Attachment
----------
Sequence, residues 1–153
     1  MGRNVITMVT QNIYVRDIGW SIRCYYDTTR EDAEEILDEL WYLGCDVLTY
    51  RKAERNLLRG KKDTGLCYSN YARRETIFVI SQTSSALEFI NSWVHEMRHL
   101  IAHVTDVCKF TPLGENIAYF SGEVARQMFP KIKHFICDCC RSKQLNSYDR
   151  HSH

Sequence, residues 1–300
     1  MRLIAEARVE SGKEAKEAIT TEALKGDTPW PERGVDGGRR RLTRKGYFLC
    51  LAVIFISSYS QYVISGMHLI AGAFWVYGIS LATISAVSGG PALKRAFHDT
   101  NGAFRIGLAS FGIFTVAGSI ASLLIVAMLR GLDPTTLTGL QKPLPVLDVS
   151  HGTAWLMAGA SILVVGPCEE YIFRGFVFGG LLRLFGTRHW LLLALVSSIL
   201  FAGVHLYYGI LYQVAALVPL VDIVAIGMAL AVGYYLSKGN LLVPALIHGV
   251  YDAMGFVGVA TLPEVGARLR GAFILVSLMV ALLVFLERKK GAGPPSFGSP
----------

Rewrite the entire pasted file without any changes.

Sequence, residues 1–153
     1  MGRNVITMVT QNIYVRDIGW SIRCYYDTTR EDAEEILDEL WYLGCDVLTY
    51  RKAERNLLRG KKDTGLCYSN YARRETIFVI SQTSSALEFI NSWVHEMRHL
   101  IAHVTDVCKF TPLGENIAYF SGEVARQMFP KIKHFICDCC RSKQLNSYDR
   151  HSH

Sequence, residues 1–300
     1  MRLIAEARVE SGKEAKEAIT TEALKGDTPW PERGVDGGRR RLTRKGYFLC
    51  LAVIFISSYS QYVISGMHLI AGAFWVYGIS LATISAVSGG PALKRAFHDT
   101  NGAFRIGLAS FGIFTVAGSI ASLLIVAMLR GLDPTTLTGL QKPLPVLDVS
   151  HGTAWLMAGA SILVVGPCEE YIFRGFVFGG LLRLFGTRHW LLLALVSSIL
   201  FAGVHLYYGI LYQVAALVPL VDIVAIGMAL AVGYYLSKGN LLVPALIHGV
   251  YDAMGFVGVA TLPEVGARLR GAFILVSLMV ALLVFLERKK GAGPPSFGSP